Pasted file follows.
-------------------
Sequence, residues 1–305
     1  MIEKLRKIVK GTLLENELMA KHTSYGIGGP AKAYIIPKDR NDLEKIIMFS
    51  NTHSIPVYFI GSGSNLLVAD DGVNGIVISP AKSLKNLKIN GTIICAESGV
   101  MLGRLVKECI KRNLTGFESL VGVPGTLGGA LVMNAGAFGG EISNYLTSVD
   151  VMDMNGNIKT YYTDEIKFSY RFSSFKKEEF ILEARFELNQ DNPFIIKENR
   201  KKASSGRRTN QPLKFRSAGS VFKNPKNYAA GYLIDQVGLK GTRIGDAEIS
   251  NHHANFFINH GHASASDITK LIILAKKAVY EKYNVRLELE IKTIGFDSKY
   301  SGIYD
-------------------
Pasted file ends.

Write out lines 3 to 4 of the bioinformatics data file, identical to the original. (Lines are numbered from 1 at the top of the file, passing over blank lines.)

    51  NTHSIPVYFI GSGSNLLVAD DGVNGIVISP AKSLKNLKIN GTIICAESGV
   101  MLGRLVKECI KRNLTGFESL VGVPGTLGGA LVMNAGAFGG EISNYLTSVD